Another way to think about this is that the algorithm can sort DNA testers into groups that have, or do not have, a particular marker at a specific location in their genome.
It is important to know that the science of using SNPs in our DNA to determine where our ancestors likely lived, or their ethnicity, is still developing. This is why we regularly see changes in our ethnicity estimate, such as the regular updates that occur for those who tested with AncestryDNA.
How are SNPs used to find DNA matches?
SNPs can also be used to measure how closely related two people are. While most people are different at the specific known locations in our DNA where the human genome tends to vary, the people who do have identical markers at those locations are likely to be our relatives.
The higher the number of matching SNPs where you are identical to someone else, such as another customer who tested their DNA with the same company, the more closely related you are, generally speaking. We don’t usually see details about SNPs on our DNA match lists, with one exception that I will mention below.
Instead, we usually only see information about the number of centimorgans (cMs) shared between two people. cMs is a term used to describe genetic distance or length of a DNA segment, which describes the genetic distance between the location (SNP) where two people are identical and either the end of the chromosome, or the location on the chromosome where they stop being identical.
It is possible to have only one, or dozens, of places in our DNA where our sequences SNPs match our relatives. When we have many, long DNA segments in common with someone else, they are more closely related.
We typically share only one, small segment with distant relatives. DNA segments shared with relatives were passed down from shared ancestors.
As I mentioned earlier in this article, there is one place where you can see information about SNP data between you and your DNA matches. This is on the free site Gedmatch, where you can upload your DNA file from your DNA testing company.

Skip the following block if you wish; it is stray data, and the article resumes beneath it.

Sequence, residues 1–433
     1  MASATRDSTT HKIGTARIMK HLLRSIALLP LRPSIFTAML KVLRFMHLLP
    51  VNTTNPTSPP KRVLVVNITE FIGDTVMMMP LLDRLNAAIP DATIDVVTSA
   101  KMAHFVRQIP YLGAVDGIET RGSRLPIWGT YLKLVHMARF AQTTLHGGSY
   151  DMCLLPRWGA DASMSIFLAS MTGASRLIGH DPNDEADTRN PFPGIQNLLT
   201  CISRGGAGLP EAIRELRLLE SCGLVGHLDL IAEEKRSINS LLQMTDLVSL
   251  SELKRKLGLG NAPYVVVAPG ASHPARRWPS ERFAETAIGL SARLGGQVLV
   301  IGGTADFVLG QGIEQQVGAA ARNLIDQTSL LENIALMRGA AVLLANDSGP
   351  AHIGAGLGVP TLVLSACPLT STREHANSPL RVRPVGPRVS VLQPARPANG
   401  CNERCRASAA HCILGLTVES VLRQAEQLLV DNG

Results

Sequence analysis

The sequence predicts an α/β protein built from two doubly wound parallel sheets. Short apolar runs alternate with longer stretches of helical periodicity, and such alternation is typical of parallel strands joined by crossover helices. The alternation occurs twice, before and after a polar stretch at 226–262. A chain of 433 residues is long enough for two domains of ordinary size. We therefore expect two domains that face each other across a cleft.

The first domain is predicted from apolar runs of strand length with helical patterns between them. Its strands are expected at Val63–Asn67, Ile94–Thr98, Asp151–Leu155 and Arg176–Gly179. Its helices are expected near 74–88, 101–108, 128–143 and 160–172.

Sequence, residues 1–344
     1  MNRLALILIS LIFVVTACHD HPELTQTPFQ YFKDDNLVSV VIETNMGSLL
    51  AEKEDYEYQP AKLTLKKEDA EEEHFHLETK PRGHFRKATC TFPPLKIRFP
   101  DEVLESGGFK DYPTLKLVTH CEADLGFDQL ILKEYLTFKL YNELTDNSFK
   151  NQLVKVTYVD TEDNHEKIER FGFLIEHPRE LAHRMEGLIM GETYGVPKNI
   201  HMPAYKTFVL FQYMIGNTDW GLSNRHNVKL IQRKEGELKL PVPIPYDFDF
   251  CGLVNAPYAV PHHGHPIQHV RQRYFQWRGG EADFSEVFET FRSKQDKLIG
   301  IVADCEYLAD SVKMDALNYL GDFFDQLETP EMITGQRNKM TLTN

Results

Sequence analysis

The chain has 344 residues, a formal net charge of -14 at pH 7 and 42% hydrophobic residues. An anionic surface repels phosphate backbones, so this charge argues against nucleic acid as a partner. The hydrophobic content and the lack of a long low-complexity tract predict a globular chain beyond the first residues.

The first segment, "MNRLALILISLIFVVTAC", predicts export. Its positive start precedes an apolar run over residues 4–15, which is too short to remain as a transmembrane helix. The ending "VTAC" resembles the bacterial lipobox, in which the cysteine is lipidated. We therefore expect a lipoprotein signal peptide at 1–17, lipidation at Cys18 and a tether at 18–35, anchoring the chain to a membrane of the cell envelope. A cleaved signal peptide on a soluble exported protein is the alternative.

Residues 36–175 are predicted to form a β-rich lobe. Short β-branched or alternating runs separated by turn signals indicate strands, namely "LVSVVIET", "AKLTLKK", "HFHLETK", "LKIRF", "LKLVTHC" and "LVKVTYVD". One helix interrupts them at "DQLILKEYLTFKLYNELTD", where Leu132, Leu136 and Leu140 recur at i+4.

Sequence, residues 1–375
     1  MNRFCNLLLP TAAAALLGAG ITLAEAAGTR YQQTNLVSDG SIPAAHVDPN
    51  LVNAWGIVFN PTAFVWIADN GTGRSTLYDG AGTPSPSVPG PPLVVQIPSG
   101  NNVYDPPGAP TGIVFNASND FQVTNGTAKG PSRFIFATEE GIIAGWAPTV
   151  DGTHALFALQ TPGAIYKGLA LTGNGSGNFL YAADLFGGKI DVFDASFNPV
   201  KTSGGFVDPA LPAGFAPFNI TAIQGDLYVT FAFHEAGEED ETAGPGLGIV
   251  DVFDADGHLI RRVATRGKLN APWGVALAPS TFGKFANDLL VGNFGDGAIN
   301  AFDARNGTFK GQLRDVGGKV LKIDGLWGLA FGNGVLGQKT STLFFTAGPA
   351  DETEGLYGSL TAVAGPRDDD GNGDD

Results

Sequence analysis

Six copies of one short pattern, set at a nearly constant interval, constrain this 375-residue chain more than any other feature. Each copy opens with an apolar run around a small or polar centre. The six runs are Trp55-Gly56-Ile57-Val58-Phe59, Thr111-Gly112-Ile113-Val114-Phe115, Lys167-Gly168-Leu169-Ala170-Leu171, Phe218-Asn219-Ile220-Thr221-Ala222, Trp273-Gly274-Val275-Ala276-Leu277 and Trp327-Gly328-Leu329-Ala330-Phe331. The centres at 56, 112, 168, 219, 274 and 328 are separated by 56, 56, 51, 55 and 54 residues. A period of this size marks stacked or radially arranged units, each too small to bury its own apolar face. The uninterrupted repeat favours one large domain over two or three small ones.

On the Gedmatch One-to-Many results, which is the equivalent to the DNA match list on the site, there is a column that shows “overlap“, which is the number of SNPs that were compared in the results.
I hope that this post has helped you understand more about single nucleotide polymorphisms and how they are used in DNA testing for ancestry, including ethnicity estimates and DNA matching.
If you have any questions about something that you read in this post, please join in the discussion below.
Thanks for reading today!
Sunday 29th of May 2022
Does that mean people that I share 10 or more DNA Segments with I'm more closely related too ?Does the total number of Shared Centimorgans also to be used for consideration too,or is it just the number of Segments on Ancestry?
Sunday 5th of June 2022
Hi Tim, Generally speaking, the more DNA segments that we share with our DNA matches, the more closely related we are to them. However, it is also important to take into consideration how big those DNA segments are. On Ancestry, we don't usually have access to this information (we only get the largest segment size, which is also very helpful). It is also possible to be distantly related to someone in more than one way (or several ways), in which case we would see many small segments shared. Thank you for your question! Sincerely, Mercedes